There has been a fundamental shift in the insolvency and restructuring profession, with smaller accountancy firms voicing a growing sense of unease. Catrin Griffiths reports on the firms that have come out on top
The insolvency practitioner in the Spanish hotel bar is getting hot under the collar. “This turnaround stuff is all very well for the big firms,” he complains. “But for the vast majority of us it’s irrelevant.”
He is voicing a growing sense of unease on the part of insolvency lawyers and accountants in smaller firms – an unease that began to manifest itself at the profession’s annual conference in the Spanish coastal town of Sitges at the end of May this year.
The conference – traditionally a centrepiece on the insolvency and restructuring circuit – was particularly significant this year because it was the first time that the former Society of Practitioners of Insolvency (SPI)had met as the rebranded R3 (the Rs stand for rescue, recovery and renewal).
The name change is not just cosmetic. It represents a fundamental shift in the insolvency and restructuring profession. Benign economic conditions and the dramatic drop in insolvencies has left the profession with a much diminished role. Hence the emphasis on turnaround and restructuring, and the effort of larger firms to bring their insolvency experts in further up the food chain.
The likes of Ernst & Young have brought their corporate recovery and corporate finance teams together in an attempt to provide a seamless service which takes account of restructuring issues. It is a concept that has also been aped by medium-sized firms such as Baker Tilly.
Indeed, although larger accountancy firms such as KPMG and Deloitte & Touche have led the turnaround charge, it is not just the accountancy giants which are keen on the concept. For example, medium-sized accountancy firm Levy Gee is strongly associated with turnaround, in particular for owner-managed businesses.
Yet in the face of all this, R3’s repositioning has not met with wholehearted support – despite considerable lobbying on the part of the SPI/R3 leadership, spearheaded by such luminaries as Ernst & Young’s Alan Bloom and Herbert Smith’s Stephen Gale.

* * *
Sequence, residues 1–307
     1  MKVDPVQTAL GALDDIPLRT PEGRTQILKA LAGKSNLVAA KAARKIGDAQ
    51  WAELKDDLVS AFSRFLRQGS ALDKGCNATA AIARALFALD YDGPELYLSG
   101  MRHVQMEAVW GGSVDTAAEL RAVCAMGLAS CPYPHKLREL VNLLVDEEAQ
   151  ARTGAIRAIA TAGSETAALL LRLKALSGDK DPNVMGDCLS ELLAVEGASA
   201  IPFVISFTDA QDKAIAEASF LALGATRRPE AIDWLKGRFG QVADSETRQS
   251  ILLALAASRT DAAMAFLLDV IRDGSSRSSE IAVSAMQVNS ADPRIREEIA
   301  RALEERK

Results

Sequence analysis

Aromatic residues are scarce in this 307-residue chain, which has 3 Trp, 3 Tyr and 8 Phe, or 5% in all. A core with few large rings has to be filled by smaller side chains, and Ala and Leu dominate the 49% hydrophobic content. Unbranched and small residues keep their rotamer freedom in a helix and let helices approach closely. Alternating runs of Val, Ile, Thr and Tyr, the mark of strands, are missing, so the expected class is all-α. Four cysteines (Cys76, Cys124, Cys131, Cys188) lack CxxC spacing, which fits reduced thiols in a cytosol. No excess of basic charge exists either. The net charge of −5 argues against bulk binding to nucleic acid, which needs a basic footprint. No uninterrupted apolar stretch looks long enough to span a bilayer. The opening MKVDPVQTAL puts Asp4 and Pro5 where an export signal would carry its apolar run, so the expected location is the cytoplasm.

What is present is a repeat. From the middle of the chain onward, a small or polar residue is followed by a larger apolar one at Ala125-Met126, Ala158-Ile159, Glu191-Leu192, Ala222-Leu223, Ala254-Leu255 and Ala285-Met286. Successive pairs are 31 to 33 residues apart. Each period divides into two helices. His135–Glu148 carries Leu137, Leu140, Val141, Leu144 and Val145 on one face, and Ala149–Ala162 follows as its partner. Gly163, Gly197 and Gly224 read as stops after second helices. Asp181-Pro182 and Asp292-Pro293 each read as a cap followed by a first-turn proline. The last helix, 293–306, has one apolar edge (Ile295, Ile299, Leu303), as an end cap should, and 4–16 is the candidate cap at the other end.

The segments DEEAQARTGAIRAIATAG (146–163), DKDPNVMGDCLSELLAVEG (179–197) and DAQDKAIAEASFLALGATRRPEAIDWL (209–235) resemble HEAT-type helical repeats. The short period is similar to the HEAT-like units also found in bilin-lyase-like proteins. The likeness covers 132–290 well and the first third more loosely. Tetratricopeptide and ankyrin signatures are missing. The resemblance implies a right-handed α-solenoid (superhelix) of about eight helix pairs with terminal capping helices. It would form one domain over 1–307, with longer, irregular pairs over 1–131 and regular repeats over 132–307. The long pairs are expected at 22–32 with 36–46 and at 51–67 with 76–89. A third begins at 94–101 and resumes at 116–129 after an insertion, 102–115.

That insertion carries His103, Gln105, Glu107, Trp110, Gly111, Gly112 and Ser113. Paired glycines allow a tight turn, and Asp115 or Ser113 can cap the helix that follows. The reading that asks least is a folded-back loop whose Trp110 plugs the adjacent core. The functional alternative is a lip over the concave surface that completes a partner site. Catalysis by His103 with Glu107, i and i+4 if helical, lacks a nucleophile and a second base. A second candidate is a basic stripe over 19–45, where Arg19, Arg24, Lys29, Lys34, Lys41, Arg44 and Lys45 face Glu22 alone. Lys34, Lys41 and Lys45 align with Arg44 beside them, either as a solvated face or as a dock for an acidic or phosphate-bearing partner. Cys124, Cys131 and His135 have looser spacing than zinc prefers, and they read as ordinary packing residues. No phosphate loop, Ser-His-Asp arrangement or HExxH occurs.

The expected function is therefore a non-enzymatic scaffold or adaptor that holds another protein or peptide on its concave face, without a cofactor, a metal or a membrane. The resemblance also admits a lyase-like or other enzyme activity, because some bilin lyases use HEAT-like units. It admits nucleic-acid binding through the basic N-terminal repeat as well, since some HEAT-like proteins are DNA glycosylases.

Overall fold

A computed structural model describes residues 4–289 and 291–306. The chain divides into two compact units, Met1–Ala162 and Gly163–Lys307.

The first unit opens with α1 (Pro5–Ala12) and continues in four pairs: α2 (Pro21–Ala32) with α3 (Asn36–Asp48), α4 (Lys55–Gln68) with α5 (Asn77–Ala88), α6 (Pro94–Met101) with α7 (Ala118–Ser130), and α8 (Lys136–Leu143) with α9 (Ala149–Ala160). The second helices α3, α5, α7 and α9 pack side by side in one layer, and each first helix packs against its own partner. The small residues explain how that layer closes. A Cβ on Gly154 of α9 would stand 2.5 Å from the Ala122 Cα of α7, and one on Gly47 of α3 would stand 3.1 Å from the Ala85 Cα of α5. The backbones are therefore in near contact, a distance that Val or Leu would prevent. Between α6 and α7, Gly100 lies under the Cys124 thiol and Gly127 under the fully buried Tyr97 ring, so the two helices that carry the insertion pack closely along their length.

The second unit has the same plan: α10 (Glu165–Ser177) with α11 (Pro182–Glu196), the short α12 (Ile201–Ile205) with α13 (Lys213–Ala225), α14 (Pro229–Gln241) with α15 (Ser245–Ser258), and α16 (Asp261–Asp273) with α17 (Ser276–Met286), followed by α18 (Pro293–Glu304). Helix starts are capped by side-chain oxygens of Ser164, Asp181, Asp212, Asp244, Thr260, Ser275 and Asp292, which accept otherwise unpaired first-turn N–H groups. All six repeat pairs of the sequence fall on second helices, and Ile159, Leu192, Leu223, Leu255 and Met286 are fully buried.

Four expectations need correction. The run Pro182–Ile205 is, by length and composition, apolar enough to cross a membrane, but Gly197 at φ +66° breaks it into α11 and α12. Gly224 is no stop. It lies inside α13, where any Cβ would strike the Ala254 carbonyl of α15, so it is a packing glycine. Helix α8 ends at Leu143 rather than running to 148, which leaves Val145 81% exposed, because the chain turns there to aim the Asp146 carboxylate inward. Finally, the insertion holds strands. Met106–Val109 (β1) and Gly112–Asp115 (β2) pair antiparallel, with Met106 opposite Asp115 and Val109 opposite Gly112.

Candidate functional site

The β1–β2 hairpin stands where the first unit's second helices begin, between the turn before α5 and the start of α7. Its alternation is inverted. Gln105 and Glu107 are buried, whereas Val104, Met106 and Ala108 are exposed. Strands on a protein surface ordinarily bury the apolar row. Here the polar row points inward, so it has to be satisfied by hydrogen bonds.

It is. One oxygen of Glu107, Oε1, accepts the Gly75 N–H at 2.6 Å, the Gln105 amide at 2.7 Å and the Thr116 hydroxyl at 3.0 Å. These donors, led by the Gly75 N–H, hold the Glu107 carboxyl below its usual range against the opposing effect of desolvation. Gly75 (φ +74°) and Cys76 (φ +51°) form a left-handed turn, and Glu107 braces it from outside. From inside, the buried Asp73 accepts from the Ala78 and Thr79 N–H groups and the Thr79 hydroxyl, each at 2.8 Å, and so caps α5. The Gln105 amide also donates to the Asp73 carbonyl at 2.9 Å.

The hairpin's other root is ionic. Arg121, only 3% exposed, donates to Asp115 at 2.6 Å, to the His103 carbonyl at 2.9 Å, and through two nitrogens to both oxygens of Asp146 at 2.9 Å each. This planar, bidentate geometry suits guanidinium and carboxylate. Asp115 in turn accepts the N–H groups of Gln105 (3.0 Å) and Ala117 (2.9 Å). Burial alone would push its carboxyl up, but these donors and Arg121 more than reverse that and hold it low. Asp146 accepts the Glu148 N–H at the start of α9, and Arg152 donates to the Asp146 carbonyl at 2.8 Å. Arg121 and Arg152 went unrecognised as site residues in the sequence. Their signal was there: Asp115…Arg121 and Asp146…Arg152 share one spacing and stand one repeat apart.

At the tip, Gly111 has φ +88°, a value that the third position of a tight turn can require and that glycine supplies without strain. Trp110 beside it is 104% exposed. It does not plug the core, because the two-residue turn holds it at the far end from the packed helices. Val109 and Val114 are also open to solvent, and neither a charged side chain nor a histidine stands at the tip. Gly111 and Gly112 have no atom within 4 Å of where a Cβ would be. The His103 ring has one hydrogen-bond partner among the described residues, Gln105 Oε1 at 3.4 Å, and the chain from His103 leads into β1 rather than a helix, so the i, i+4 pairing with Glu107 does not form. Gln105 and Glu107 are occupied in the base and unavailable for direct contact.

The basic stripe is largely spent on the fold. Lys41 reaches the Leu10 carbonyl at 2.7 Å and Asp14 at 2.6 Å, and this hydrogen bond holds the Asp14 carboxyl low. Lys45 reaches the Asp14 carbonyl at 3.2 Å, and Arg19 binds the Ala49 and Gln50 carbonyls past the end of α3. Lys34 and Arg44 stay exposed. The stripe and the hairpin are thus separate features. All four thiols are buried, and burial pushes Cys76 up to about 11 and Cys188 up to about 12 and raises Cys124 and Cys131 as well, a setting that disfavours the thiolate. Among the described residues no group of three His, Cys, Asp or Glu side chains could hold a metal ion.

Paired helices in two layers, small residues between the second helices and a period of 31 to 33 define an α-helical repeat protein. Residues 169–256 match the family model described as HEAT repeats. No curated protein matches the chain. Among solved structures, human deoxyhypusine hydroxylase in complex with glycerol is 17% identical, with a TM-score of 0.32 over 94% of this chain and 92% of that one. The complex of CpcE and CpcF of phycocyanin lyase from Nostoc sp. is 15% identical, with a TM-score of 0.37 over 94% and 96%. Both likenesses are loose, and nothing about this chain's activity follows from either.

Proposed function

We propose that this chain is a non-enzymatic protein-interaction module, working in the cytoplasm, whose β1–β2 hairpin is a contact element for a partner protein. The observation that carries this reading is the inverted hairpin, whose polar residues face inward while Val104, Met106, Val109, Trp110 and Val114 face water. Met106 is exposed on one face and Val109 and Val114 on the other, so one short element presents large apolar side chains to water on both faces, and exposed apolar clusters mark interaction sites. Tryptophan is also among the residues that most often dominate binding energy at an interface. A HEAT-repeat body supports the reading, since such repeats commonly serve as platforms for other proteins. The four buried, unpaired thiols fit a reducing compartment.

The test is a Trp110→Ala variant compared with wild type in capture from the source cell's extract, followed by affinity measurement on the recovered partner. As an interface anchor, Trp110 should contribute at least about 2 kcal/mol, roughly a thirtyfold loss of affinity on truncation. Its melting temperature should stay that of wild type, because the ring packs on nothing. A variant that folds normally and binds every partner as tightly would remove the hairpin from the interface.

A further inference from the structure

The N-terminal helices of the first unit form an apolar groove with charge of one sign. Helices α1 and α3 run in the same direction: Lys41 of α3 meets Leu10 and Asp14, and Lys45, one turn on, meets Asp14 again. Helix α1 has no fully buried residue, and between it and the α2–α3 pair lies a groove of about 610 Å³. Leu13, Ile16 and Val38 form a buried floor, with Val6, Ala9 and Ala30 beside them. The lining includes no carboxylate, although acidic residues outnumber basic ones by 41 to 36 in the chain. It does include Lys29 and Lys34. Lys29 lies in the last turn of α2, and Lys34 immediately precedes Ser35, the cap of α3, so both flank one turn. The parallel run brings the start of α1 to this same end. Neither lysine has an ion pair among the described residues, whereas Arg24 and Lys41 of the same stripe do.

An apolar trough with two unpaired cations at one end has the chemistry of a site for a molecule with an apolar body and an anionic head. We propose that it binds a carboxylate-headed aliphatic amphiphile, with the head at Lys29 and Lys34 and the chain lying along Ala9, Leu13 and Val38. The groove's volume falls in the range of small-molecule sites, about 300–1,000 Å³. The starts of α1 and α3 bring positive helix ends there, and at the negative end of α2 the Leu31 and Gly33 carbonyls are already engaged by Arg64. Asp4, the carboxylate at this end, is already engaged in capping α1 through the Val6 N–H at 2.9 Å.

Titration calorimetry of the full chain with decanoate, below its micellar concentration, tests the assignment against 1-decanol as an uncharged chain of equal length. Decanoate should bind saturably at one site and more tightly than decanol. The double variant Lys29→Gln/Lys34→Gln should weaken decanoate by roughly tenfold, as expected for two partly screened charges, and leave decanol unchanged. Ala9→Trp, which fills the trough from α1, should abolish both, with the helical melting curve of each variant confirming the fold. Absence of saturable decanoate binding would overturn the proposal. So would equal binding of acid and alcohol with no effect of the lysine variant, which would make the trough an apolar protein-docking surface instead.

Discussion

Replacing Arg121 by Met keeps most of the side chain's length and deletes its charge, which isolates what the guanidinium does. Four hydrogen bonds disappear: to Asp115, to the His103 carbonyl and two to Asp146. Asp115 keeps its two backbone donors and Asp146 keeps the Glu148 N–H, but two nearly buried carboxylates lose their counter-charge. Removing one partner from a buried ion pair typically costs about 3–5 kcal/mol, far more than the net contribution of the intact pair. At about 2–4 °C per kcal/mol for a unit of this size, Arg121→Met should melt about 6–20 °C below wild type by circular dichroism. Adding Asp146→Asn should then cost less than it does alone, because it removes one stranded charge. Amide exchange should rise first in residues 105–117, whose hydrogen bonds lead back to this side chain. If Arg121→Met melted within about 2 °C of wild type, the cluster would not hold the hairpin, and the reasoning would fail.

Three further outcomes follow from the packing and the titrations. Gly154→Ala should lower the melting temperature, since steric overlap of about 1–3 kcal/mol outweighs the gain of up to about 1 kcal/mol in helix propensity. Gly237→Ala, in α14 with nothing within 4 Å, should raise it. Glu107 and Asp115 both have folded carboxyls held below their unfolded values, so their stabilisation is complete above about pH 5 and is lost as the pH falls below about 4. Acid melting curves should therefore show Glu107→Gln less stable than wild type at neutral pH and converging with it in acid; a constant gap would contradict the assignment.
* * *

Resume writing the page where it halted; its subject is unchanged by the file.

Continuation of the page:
Smaller firms, which form the backbone of R3’s membership, tend to concentrate on liquidations and trade sales. These smaller “non-bank” firms, which derive their work from local businesses or professional referrals rather than from clearing banks, tend to handle liquidations and are active in rescuing businesses and jobs, perhaps through CVAs or administrations, or effecting trade sales. The Insider’s Guide to Corporate Rescue & Insolvency identified David Rubin & Co and Harris Lipman in London, Poppleton & Appleby, O’Hara & Co and Jacksons Joliffe Cork in Yorkshire and Jennings Johnson on Tyneside as the leading firms of this type.
They and others of their type handle the sort of work that larger firms find simply too uneconomic, but they form the lifeblood of the local business community. And they tend to be very attached to the politically correct word “insolvency”.
The non-bank firms also formed the bulk of conference attendees in Sitges – hence the spate of grumbling in the hotel bar.
In the meantime, many of the larger accountants have reduced their practices. Arthur Andersen did it a couple of years back, Ernst & Young did it last year, and PricewaterhouseCoopers announced a reorganisation earlier this year.